Chapter 7. The Son by Being Designated Word and Wisdom, (According to the Imperfection of Human Thought and Language) Liable to Be Deemed a Mere Attribute. He is Shown to Be a Personal BeingThen, therefore, does the Word also Himself assume His own form and glorious garb, His own sound and vocal utterance, when God says, “Let there be light.” Genesis 1:3 This is the perfect nativity of the Word, when He proceeds forth from God— formed by Him first to devise and think out all things under the name of Wisdom— “The Lord created or formed me as the beginning of His ways;” Proverbs 8:22 then afterward begotten, to carry all into effect— “When He prepared the heaven, I was present with Him.” Thus does He make Him equal to Him: for by proceeding from Himself He became His first-begotten Son, because begotten before all things; Colossians 1:15 and His only-begotten also, because alone begotten of God, in a way peculiar to Himself, from the womb of His own heart— even as the Father Himself testifies: “My heart,” says He, “has emitted my most excellent Word.” The Father took pleasure evermore in Him, who equally rejoiced with a reciprocal gladness in the Father's presence: “You are my Son, today have I begotten You;” even before the morning star did I beget You. The Son likewise acknowledges the Father, speaking in His own person, under the name of Wisdom: “The Lord formed Me as the beginning of His ways, with a view to His own works; before all the hills did He beget Me.” For if indeed Wisdom in this passage seems to say that She was created by the Lord with a view to His works, and to accomplish His ways, yet proof is given in another Scripture that “all things were made by the Word, and without Him was there nothing made;” John 1:3 as, again, in another place (it is said), “By His word were the heavens established, and all the powers thereof by His Spirit” — that is to say, by the Spirit (or Divine Nature) which was in the Word: thus is it evident that it is one and the same power which is in one place described under the name of Wisdom, and in another passage under the appellation of the Word, which was initiated for the works of God Proverbs 8:22 which “strengthened the heavens;” “by which all things were made,” John 1:3 “and without which nothing was made.” John 1:3 Nor need we dwell any longer on this point, as if it were not the very Word Himself, who is spoken of under the name both of Wisdom and of Reason, and of the entire Divine Soul and Spirit. He became also the Son of God, and was begotten when He proceeded forth from Him. Do you then, (you ask,) grant that the Word is a certain substance, constructed by the Spirit and the communication of Wisdom? Certainly I do. But you will not allow Him to be really a substantive being, by having a substance of His own; in such a way that He may be regarded as an objective thing and a person, and so be able (as being constituted second to God the Father,) to make two, the Father and the Son, God and the Word. For you will say, what is a word, but a voice and sound of the mouth, and (as the grammarians teach) air when struck against, intelligible to the ear, but for the rest a sort of void, empty, and incorporeal thing. I, on the contrary, contend that nothing empty and void could have come forth from God, seeing that it is not put forth from that which is empty and void; nor could that possibly be devoid of substance which has proceeded from so great a substance, and has produced such mighty substances: for all things which were made through Him, He Himself (personally) made. How could it be, that He Himself is nothing, without whom nothing was made? How could He who is empty have made things which are solid, and He who is void have made things which are full, and He who is incorporeal have made things which have body? For although a thing may sometimes be made different from him by whom it is made, yet nothing can be made by that which is a void and empty thing. Is that Word of God, then, a void and empty thing, which is called the Son, who Himself is designated God? “The Word was with God, and the Word was God.” John 1:1 It is written, “You shall not take God's name in vain.” Exodus 20:7 This for certain is He “who, being in the form of God, thought it not robbery to be equal with God.” Philippians 2:6 In what form of God? Of course he means in some form, not in none. For who will deny that God is a body, although “God is a Spirit?” John 4:24 For Spirit has a bodily substance of its own kind, in its own form. Now, even if invisible things, whatsoever they be, have both their substance and their form in God, whereby they are visible to God alone, how much more shall that which has been sent forth from His substance not be without substance! Whatever, therefore, was the substance of the Word that I designate a Person, I claim for it the name of Son; and while I recognize the Son, I assert His distinction as second to the Father.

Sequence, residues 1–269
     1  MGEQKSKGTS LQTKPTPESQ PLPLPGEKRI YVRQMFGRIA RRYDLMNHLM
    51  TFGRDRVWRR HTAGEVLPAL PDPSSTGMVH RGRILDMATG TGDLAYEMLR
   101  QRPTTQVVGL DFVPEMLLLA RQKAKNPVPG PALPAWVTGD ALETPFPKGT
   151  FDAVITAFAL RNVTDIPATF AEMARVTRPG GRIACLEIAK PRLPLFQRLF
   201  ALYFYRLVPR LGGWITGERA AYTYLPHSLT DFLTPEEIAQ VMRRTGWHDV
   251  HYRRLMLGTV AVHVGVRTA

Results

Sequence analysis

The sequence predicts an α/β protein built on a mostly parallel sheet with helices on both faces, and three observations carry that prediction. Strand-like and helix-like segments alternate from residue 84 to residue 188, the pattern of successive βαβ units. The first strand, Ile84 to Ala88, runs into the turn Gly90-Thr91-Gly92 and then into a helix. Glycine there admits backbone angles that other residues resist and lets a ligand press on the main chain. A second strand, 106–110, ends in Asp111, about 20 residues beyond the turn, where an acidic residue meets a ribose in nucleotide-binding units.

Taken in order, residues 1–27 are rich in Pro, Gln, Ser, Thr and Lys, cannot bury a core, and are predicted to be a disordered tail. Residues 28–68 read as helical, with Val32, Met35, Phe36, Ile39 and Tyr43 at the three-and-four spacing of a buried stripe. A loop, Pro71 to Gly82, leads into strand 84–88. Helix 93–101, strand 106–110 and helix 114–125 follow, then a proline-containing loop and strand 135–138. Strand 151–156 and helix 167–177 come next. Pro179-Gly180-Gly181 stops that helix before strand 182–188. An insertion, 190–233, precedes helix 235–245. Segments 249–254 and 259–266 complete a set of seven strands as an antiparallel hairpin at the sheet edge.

http://www.newadvent...athers/0317.htm